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Physicists Discover A Possible Break In the Standard Model of Physics (futurism.com) 260

Slashdot reader freddienumber13 write: A series of experiments has shown that tau particles have decayed faster than predicted by the standard model. This has been observed at both CERN and SLAC. This suggests that the standard model for particle physics is incomplete and further research is required to understand this new area of physics.
Nature adds: One of the key assumptions of the standard model of particle physics is that the interactions of the charged leptons, namely electrons, muons and taus, differ only because of their different masses... recent studies of B-meson decays involving the higher-mass tau lepton have resulted in observations that challenge lepton universality at the level of four standard deviations. A confirmation of these results would point to new particles or interactions, and could have profound implications for our understanding of particle physics.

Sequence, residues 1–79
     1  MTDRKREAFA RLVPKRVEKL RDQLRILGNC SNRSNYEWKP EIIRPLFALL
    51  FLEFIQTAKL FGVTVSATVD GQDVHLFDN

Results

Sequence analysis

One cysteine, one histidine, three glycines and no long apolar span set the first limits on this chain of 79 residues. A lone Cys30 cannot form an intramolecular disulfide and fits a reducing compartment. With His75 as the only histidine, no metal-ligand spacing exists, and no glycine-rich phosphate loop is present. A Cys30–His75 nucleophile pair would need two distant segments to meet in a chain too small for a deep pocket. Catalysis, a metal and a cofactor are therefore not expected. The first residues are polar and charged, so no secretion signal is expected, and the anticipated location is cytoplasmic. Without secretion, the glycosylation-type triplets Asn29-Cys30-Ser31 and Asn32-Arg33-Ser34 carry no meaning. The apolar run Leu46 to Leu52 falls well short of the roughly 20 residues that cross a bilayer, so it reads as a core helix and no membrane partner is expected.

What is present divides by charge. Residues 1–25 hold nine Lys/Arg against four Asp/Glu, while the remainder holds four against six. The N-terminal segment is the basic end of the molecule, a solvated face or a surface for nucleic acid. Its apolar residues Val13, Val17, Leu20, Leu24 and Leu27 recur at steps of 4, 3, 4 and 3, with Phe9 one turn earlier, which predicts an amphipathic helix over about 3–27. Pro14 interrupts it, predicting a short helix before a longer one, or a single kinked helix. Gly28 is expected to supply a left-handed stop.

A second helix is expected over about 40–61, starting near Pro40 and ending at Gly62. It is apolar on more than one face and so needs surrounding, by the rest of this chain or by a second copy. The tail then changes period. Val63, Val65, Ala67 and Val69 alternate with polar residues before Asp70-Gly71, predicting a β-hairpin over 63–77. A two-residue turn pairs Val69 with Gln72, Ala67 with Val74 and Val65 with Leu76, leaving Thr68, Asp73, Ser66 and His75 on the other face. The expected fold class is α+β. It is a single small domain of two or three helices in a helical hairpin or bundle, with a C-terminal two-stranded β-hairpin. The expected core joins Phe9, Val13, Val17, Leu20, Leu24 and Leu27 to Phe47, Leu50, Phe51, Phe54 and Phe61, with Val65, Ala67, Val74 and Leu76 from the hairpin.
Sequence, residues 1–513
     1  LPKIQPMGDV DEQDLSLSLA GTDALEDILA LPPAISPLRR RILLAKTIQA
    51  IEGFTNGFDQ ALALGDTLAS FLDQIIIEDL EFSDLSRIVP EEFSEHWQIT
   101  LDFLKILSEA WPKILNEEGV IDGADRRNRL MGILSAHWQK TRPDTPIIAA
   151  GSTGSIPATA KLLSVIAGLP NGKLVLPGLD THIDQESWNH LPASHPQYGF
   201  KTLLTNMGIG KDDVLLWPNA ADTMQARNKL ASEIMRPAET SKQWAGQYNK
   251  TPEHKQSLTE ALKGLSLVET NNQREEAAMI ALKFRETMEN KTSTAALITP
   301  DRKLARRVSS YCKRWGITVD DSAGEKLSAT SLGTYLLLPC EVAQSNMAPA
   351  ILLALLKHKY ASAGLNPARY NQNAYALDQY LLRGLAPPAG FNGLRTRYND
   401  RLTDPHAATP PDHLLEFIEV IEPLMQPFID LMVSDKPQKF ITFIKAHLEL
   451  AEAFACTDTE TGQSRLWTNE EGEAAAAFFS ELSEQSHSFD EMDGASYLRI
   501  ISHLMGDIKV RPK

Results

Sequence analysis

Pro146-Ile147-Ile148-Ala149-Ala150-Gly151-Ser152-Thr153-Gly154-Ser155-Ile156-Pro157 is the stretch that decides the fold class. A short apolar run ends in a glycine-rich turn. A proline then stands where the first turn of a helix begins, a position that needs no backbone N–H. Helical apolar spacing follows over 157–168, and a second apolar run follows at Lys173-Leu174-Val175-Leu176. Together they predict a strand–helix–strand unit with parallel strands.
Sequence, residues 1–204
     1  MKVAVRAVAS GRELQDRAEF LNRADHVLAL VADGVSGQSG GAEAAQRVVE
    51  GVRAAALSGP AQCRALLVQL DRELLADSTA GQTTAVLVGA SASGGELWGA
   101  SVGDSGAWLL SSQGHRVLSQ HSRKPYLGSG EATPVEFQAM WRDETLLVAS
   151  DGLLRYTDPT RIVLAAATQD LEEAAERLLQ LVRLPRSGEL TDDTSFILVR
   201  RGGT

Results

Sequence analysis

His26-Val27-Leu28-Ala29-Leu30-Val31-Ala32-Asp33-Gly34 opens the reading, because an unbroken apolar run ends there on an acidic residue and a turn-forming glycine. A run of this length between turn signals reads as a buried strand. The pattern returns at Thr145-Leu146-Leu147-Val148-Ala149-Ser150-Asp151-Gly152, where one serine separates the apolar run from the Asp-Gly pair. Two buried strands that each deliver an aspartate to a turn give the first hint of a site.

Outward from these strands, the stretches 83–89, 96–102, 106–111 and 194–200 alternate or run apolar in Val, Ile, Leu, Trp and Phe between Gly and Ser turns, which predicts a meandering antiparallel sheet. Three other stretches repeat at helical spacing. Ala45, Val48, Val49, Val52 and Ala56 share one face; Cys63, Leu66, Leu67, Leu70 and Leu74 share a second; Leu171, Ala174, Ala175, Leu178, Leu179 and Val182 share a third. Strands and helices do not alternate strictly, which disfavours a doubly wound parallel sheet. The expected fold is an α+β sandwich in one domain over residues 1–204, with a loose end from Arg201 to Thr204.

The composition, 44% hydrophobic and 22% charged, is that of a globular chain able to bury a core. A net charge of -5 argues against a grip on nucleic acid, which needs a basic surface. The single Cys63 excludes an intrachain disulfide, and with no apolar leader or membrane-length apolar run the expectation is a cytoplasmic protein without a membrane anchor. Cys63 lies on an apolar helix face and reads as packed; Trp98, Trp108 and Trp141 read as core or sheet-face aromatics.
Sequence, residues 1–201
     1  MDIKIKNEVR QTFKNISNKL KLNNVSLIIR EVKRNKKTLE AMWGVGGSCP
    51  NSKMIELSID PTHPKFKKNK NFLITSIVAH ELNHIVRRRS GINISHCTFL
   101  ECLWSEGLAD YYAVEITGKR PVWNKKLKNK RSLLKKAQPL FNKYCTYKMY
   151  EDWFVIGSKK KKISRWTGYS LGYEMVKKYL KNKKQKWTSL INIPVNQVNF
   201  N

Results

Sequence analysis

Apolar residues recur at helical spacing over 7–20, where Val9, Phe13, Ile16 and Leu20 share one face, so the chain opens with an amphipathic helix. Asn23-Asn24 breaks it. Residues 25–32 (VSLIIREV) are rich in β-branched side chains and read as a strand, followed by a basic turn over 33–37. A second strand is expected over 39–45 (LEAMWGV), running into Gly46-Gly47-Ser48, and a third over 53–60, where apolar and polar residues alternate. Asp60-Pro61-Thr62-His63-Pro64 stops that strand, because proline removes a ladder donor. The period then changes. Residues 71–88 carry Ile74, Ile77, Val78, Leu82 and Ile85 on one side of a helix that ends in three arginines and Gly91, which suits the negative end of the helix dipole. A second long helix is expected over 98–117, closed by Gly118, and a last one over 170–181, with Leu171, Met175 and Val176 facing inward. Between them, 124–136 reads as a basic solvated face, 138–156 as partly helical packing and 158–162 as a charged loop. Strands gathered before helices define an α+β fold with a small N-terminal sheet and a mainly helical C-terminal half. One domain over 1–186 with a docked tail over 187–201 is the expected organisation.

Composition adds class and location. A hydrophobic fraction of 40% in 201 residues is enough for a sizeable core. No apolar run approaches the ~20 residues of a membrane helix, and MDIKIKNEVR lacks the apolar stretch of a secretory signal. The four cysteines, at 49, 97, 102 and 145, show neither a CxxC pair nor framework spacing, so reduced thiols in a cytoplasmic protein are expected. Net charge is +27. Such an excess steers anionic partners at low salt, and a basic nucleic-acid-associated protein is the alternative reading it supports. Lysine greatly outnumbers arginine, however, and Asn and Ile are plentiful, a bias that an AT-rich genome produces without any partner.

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Physicists Discover A Possible Break In the Standard Model of Physics

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  • by Anonymous Coward on Sunday June 18, 2017 @07:39PM (#54644259)

    Is this really so surprising? I know quite a few physicists (and some armchair physicists) who have long believed the standard model to be incomplete. The measurement problem will always have us making theories that are very, very hard to prove correct.

    Additionally (granted, non-scientifically) the standard model 'feels' wrong. The model may explain the behaviors that we see but it seems overly complex for nature. Much like relativity there may be more than meets the eye going on here.

    It has seemed like we were in a bit of a stagnation lately and I'm glad there are some new experimental results making us look at the standard model critically. It's not only good science it's exciting science.

    • by Pseudonym ( 62607 ) on Sunday June 18, 2017 @08:38PM (#54644457)

      Is this really so surprising?

      It's surprising that it took so long to (probably) find an actual experimental break in the standard model.